Finally, I hit the jackpot. A LinkedIn email found its way to the correct Richard Schweid, former Boston University undergraduate and vocal pro-birth-control activist. He dropped out of BU prior to graduation, and now lived in Spain. An acclaimed journalist and documentarian, Schweid had written a book I’d read years earlier, never dreaming that I’d one day interact with him in person.
Richard responded graciously to my initial email with an incredible amount of memories to share. We struck up a correspondence. Richard essentially put into motion the landmark Supreme Court case Eisenstadt v. Baird when his student group invited birth control activist Bill Baird to speak on campus in 1967, and his memories of the event added information I’d not seen anywhere else. Not only did he fill in the blanks left by some of the Boston University News reporting – the paper at that time was occasionally censored by the University – he emailed me scans of his own memorabilia, including documents otherwise only available in paper copy in various archives. He replied to all of my questions, and even connected me with other student activists with whom he was still in touch, including one person still living in Boston.
Richard and I discovered that we are both from the same city, Nashville, Tennessee. In fact, his parents’ bookstore in Nashville’s Hillsboro Village was the first place I discovered Marc Bloch, whose The Historian’s Craft inspired my lifelong love of history. Quarantine permitting, we plan to meet there next fall and continue our discussions in person.
I certainly have not made nearly as much writing progress this summer as I’d hoped. Like so many others, the pandemic has put me at least six months to a year behind my projected dissertation schedule. But I have recovered the passion for history that often lapses during the dissertation writing grind. I also have a renewed sense of the importance of my work, especially in this year of worldwide debates over public health, private behavior, and bodily autonomy.
While I resist the urge to find a ‘silver lining’ in a global pandemic, I can’t help but acknowledge that it has helped me better understand my historical subjects. If the archive’s doors hadn’t been locked – if I hadn’t had to parcel out my time in Peppa Pig-sized increments – I never would have access to the memories and information Richard’s email brought. I wouldn’t have made a friend halfway across the world.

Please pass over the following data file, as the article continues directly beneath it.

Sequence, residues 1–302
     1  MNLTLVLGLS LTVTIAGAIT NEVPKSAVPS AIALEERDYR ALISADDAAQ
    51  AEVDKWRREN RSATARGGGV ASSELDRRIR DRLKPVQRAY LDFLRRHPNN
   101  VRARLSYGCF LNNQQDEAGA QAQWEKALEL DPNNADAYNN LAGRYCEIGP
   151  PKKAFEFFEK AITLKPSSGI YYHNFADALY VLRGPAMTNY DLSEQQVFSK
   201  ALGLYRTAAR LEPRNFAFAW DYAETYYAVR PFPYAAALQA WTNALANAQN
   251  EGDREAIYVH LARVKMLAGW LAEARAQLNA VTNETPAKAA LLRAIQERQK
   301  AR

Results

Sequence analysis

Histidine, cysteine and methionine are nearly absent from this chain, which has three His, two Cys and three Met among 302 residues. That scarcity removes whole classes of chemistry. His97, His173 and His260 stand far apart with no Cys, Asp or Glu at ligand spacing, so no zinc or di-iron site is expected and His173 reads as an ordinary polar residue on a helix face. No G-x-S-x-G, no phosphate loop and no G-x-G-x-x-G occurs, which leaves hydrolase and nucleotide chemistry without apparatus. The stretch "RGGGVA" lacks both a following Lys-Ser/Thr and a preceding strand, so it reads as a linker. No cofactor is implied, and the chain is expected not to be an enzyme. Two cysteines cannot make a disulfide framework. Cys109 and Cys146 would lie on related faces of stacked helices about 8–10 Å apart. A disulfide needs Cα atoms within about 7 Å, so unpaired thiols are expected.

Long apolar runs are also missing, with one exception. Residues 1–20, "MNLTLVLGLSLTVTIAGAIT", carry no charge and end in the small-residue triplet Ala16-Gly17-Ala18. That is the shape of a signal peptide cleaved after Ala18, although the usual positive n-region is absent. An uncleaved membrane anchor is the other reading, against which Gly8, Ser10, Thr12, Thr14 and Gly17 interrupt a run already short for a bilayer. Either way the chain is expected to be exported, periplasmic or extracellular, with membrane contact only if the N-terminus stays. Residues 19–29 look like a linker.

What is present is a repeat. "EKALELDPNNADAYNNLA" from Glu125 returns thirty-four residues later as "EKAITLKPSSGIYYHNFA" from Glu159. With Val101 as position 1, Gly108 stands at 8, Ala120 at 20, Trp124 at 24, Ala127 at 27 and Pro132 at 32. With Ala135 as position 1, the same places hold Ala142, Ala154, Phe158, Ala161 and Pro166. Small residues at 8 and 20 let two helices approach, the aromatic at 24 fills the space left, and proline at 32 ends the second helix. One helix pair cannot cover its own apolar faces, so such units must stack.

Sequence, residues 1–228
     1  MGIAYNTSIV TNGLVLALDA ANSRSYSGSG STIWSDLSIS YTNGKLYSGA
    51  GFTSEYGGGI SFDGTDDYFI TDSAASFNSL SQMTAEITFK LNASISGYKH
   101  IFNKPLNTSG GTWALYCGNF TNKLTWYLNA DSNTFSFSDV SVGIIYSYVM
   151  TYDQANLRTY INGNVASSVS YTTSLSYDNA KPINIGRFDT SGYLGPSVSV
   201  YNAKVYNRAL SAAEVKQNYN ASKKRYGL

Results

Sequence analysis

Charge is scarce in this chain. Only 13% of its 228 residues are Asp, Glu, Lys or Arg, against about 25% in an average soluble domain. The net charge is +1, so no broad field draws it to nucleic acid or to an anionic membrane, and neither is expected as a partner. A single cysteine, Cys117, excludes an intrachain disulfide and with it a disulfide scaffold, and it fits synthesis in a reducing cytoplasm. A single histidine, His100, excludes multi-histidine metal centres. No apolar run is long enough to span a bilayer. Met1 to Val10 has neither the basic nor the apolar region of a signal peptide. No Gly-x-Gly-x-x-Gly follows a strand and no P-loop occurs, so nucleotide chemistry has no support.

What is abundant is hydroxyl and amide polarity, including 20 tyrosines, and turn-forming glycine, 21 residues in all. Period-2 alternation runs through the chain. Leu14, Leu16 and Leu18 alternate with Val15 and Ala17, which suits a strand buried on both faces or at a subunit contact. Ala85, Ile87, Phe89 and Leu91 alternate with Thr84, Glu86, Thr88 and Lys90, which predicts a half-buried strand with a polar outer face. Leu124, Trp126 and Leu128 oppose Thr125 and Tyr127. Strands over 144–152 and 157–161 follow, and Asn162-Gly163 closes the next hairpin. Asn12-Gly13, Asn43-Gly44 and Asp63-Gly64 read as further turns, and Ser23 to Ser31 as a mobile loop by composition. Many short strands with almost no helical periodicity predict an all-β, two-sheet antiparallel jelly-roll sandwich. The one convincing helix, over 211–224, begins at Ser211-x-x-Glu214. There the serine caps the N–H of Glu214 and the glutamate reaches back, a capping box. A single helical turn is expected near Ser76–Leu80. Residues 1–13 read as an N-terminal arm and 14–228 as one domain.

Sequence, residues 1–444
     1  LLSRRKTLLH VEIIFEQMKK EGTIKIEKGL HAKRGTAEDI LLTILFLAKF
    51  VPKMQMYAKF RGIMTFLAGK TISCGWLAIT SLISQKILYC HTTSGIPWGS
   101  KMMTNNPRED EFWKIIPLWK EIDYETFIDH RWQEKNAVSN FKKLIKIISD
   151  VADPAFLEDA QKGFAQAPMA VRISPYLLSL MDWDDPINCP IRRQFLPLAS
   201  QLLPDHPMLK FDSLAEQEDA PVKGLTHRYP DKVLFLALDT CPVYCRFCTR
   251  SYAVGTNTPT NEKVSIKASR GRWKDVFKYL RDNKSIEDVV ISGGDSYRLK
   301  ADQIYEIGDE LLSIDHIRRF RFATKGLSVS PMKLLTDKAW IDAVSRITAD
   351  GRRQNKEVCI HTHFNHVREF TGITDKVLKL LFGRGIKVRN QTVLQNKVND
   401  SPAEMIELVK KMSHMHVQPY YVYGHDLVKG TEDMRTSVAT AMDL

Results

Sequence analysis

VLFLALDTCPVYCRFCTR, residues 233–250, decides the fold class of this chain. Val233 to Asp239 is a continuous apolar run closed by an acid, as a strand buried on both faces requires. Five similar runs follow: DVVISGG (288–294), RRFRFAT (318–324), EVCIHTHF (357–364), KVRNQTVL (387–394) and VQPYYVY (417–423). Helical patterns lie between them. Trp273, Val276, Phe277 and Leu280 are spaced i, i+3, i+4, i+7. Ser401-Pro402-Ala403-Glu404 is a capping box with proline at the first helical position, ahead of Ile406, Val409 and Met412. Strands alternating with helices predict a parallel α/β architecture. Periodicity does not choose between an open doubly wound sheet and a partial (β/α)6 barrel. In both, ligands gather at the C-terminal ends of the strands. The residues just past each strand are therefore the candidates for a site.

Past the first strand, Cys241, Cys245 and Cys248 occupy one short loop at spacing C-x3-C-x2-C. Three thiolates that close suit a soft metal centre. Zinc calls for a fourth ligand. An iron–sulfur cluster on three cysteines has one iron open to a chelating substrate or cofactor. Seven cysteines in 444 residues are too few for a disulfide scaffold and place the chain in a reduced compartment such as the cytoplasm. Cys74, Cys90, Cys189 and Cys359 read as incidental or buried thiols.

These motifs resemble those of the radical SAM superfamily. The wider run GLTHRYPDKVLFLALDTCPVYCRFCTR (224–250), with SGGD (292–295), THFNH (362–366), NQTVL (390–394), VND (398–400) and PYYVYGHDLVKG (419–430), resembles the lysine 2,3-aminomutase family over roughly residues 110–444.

Moreover, connecting with some of the individuals involved in the fight for birth control in Massachusetts – such as Richard Schweid – reminds me that the questions I’m grappling with aren’t esoteric questions of mere historiographical importance. The events I study had direct and in some cases catastrophic impacts on women and men who walked the same streets I do every day. Their children stand next to me in the grocery store line; their grandchildren sit in my undergraduate history classes. Their college roommates remember them every five years at class reunions. Their memorial plaques stay mounted to old brownstones on Beacon Street, just a few blocks from my apartment. Historians are expected to be objective and emotionally distant from their subjects. Yet I find that by bringing myself closer to my subjects I feel newly energized, excited about doing the hard work ahead. I feel responsible for telling their story, especially on behalf of those who no longer can.
 In lieu of the more traditional Pomodoro Technique of time management.
 I speak, of course, of The Historians Craft: Reflections on the Nature and Uses of History and the Techniques and Methods of the Men Who Write It .Tweet